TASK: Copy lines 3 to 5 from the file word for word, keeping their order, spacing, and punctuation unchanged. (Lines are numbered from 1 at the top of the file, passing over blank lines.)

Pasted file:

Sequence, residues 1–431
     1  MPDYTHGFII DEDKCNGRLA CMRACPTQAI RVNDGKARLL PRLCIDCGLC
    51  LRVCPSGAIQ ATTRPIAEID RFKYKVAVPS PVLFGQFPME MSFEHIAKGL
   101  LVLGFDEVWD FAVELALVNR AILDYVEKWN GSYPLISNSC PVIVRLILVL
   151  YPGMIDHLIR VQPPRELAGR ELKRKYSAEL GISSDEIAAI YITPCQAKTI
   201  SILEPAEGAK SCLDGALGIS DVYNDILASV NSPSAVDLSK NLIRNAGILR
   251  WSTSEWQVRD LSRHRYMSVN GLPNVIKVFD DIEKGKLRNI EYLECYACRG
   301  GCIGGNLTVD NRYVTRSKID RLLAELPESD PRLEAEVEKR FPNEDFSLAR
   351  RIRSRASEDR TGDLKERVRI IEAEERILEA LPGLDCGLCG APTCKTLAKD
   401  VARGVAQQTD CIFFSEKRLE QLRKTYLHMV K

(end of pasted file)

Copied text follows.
    51  LRVCPSGAIQ ATTRPIAEID RFKYKVAVPS PVLFGQFPME MSFEHIAKGL
   101  LVLGFDEVWD FAVELALVNR AILDYVEKWN GSYPLISNSC PVIVRLILVL
   151  YPGMIDHLIR VQPPRELAGR ELKRKYSAEL GISSDEIAAI YITPCQAKTI